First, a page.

Impaired verbal episodic memory in healthy older adults is marked by increased F<inf>2</inf>-Isoprostanes
Prostaglandins Leukotrienes and Essential Fatty Acids
© 2018 Elsevier Ltd. All rights reserved.
Reason for embargo
Under embargo until 4 February 2019 in compliance with publisher policy.
Age-associated cognitive decline amongst otherwise healthy older individuals is a multifaceted characteristic of ageing. The role of oxidative stress biomarkers has been increasingly examined in the context of pathological aging conditions that affect cognition. Plasma F 2 -Isoprostane levels are a reliable index of systemic oxidative stress (specifically lipid peroxidation) and are elevated in dementia patients. Less is known about their role in healthy cognitive ageing. This study evaluated the relationship between F 2 -Isoprostanes and cognitive functioning in a cohort of 211 healthy elderly adults (60–75 years: Male; 88, Female; 123). Cognitive assessment included the Cognitive Drug Research (CDR) computerised assessment battery, which produces five validated factor scores (corresponding to ‘Quality of Episodic Memory’, ‘Speed of Memory’, Quality of Working Memory’, Power of Attention’ and ‘Continuity of Attention’). Participants with higher F 2 -Isoprostane levels had significantly lower Quality of Episodic Memory scores (suggesting inferior abilities in retaining and retrieving verbal information in episodic memory). This is, to our knowledge, the first report of compromised verbal episodic memory in healthy ageing humans being linked to increased levels of F 2 -Isoprostanes. These results have relevance for interventions aimed at improving cognitive performance in the healthy elderly.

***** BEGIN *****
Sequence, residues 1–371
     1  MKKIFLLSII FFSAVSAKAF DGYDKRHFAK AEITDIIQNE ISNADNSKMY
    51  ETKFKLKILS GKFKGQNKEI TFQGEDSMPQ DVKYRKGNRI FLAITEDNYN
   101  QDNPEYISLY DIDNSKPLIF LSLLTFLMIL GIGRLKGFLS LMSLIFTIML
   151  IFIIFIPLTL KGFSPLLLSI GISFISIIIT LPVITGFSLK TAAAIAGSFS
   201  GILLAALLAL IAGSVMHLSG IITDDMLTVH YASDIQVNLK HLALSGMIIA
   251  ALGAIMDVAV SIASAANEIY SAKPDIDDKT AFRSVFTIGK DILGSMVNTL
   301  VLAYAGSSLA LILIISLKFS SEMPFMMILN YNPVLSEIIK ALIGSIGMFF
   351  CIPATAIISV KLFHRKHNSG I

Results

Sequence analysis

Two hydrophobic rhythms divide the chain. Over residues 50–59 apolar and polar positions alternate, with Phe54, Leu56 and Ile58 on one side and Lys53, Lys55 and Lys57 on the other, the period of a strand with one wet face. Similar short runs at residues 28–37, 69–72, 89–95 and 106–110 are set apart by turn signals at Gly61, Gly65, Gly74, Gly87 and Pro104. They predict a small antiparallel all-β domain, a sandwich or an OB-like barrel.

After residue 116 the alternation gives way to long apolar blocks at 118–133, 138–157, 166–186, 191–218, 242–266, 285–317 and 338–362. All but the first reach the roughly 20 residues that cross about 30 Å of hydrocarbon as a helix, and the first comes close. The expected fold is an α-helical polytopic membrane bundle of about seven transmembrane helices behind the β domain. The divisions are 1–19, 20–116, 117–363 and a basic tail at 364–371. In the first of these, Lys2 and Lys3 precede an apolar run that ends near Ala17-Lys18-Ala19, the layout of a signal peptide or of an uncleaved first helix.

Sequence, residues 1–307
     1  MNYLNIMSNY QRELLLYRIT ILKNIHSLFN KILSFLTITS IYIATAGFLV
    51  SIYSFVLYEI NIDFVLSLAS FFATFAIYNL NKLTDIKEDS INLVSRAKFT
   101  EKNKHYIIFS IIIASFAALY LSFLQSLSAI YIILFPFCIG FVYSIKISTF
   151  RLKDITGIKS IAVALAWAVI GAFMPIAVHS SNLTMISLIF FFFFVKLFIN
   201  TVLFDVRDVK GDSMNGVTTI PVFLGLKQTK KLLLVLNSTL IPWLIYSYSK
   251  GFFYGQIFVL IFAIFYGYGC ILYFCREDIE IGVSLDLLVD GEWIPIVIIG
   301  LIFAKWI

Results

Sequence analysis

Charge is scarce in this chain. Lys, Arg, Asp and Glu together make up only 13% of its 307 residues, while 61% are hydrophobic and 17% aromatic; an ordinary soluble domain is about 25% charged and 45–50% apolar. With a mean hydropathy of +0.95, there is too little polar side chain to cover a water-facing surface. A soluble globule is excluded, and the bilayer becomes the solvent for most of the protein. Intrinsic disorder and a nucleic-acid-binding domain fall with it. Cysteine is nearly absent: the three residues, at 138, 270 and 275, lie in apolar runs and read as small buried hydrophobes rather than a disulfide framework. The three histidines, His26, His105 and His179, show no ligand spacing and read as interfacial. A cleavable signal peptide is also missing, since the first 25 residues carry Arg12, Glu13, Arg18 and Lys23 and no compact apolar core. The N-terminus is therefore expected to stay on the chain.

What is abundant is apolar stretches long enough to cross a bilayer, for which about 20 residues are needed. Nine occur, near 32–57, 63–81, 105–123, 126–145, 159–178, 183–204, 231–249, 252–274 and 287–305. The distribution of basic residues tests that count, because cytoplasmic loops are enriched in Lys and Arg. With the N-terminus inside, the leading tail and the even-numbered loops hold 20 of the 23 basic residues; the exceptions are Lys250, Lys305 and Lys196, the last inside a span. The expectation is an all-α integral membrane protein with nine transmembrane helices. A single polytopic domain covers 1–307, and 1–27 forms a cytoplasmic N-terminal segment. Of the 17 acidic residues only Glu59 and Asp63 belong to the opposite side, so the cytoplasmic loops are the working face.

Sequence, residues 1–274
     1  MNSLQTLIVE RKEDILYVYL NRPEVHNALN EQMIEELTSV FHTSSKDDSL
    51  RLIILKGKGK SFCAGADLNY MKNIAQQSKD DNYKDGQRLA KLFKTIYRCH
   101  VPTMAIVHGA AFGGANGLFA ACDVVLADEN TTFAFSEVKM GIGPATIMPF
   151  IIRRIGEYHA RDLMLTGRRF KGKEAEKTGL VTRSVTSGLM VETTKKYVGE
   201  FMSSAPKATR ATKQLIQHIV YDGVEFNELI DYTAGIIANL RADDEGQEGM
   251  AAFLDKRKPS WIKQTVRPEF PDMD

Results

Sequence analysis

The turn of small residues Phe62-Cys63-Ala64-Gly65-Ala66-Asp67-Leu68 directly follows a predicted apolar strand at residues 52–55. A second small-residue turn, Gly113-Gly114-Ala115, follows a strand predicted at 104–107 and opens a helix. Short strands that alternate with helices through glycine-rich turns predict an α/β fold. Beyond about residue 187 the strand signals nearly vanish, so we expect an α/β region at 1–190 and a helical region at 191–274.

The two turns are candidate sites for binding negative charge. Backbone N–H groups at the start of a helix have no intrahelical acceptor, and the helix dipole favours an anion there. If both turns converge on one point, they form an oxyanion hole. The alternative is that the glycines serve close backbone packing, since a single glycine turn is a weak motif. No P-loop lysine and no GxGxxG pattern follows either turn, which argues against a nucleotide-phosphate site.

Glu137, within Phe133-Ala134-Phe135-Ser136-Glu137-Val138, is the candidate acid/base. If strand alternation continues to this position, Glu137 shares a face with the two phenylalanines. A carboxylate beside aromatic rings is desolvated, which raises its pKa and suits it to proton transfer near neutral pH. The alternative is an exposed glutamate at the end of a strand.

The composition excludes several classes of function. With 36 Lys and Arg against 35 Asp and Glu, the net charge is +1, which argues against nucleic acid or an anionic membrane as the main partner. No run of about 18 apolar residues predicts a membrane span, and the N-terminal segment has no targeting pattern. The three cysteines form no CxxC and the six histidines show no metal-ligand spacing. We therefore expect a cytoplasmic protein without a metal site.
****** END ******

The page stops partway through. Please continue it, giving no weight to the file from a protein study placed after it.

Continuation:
The study is funded by an Australian Research Council Discovery grant to Stough, Scholey and Croft, with additional funding from Horphag, Soho Flordis International-Research and Blackmores. The study was also supported by philanthropic grants from Doug Mitchell and Roderic O`Connor. Downey is supported by an NHMRC Career Development Fellowship (APP1122577). Simpson and Nolidin are recipients of an Australian Government Postgraduate research Scholarship.
This is the author accepted manuscript. The final version is available from Elsevier via the DOI in this record.
Vol. 129, pp. 32 - 37